UC System Aims to Protect Researchers
By Ashley Surdin
LOS ANGELES -- It was late into the night when 25 people in ski masks descended on professor Dario Ringach's family home. Pounding on the door, frightening his small children, they screamed into megaphones, "Animal killer! We know where you live! We will never give up!"
And they apparently meant it. That year, 2006, according to court documents, animal rights activists launched a summer-long campaign of harassment against Ringach, an assistant professor of psychology and neurobiology at the University of California at Los Angeles and other scientists who conduct research with laboratory animals.
They hurled firecrackers at his house in the middle of the night and planted Molotov-cocktail-like explosives at other faculty houses, threatening to burn them to the ground.
UCLA hired private security, but Ringach feared for his family. "Effectively immediately, I am no longer doing animal research," he finally wrote in an e-mail to his persecutors, pleading to be left alone. "Please don't bother my family anymore."
The University of California regents have responded by suing UCLA Primate Freedom, the Animal Liberation Brigade, the Animal Liberation Front and five people allegedly affiliated with them. It is a tactic that the regents successfully employed nine years ago.
The regents hope to win a permanent injunction similar to one granted against Last Chance for Animals in 1989. But some experts note that the regents now are battling more violent, Internet-savvy foes who thrive in online communities, post faculty "targets" on Web sites and upload how-to guides for their attacks.
"The reality is that, unlike in the past, where movements really relied on interpersonal communication and gatherings to ferment this radicalization, all this is happening online now," according to Oren Segal, co-director of the Anti-Defamation League's Center on Extremism in New York. "The ability for people to learn about the movement and how to carry out attacks on behalf of it are easier than it's ever been because of the Internet."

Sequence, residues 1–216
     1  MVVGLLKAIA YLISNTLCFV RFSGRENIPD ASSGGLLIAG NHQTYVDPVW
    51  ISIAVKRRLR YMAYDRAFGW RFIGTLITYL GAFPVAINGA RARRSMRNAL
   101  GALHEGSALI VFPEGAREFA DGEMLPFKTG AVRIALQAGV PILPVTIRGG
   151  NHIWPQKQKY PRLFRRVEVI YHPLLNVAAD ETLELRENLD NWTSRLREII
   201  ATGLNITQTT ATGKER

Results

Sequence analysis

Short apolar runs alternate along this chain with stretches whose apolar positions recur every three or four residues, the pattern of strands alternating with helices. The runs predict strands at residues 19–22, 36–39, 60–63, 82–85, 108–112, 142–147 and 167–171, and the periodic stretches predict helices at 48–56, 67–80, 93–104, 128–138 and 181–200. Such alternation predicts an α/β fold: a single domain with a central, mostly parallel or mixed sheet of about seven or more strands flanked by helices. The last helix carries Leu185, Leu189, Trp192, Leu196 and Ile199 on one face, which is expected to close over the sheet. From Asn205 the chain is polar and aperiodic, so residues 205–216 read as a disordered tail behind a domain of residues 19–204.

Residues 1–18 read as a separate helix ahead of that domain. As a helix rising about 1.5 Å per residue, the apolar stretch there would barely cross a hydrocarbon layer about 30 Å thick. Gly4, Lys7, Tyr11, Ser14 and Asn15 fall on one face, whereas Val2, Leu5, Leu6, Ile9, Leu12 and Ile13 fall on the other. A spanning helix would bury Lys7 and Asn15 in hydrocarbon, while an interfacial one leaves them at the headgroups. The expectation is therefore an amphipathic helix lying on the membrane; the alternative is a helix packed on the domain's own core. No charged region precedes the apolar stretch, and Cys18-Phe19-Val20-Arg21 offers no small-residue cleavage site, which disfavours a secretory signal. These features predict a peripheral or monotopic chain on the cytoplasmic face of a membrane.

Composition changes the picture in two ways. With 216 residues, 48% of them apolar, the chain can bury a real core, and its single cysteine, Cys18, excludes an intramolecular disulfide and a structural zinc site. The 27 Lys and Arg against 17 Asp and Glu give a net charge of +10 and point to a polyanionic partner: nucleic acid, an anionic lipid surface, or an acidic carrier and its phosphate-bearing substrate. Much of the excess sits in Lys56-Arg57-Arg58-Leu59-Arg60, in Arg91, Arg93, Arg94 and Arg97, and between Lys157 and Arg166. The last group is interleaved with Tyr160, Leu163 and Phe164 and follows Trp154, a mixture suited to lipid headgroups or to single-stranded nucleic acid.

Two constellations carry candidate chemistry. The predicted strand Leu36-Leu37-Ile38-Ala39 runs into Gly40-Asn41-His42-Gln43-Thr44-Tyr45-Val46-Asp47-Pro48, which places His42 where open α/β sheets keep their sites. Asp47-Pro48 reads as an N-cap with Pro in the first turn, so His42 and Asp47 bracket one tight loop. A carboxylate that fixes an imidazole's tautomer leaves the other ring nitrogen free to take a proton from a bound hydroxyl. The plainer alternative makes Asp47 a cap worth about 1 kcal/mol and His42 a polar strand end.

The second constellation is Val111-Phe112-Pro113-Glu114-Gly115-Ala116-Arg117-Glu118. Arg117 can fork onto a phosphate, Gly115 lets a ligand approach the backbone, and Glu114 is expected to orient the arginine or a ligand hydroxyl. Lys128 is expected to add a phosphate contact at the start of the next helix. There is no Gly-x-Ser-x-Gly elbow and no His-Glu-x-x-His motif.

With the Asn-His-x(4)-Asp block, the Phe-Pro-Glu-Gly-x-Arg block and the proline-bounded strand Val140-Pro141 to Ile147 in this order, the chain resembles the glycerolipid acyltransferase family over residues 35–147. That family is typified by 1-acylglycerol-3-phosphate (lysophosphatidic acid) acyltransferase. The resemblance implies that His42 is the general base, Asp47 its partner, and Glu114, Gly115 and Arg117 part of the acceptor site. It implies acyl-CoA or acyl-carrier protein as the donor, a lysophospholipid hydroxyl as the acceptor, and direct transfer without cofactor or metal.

Indeed, a temporary restraining order -- prohibiting harassment and posting of faculty members' personal information on the Internet -- was granted Feb. 21 by a Los Angeles County Superior Court judge. But three days later, six masked protesters reportedly disrupted a child's birthday party at the home of a University of California at Santa Cruz researcher and confronted her husband at the door, hitting him on the hand.
It is unclear whether the protesters are connected to those named in UC's lawsuit.
Harassment by violent animal rights activists has climbed at universities across the country, including Oregon Health and Science University, the University of Utah, and Ohio State University, where researchers have been victims of home visits or, in one case, found their windows slathered in glass-eating acid. Scientists, administrators and lawyers are closely watching the effectiveness of the California regents case.
Experts say the shift toward more personal attacks is a response to increasingly fortified laboratories, which universities began securing in the 1980s and 1990s as attacks heightened.
Now, groups have shunned "Fort Knox" in favor of ill-prepared homes, said Jerry Vlasik, the former vivisector turned spokesman for the North American Animal Liberation Press Office. Vlasik has repeatedly advocated for using "whatever force against animal research scientists necessary."
"If killing them is the only way to stop them," he said in a telephone interview, "then I said killing them would certainly be justified."
Some scientists refuse to relinquish their work, but others are not taking chances. Like Ringach, some continue to work but not with animals. Most who leave the profession make their decisions quietly, not wanting to fuel the movement.
Still, ripples are spreading through the science community. Positions in animal research are increasingly difficult to fill, according to Frankie Trull, president of the Foundation for Biomedical Research, a national organization that supports the humane and responsible use of animals in medical and scientific research.
"I do hear scientists say that they have open positions and nobody to fill them because it's animal research," Trull said. "The bigger question, and we worry about this a lot, is what will happen to the future of biomedical research? Will brilliant young minds go to some other field because this field has become too contentious?"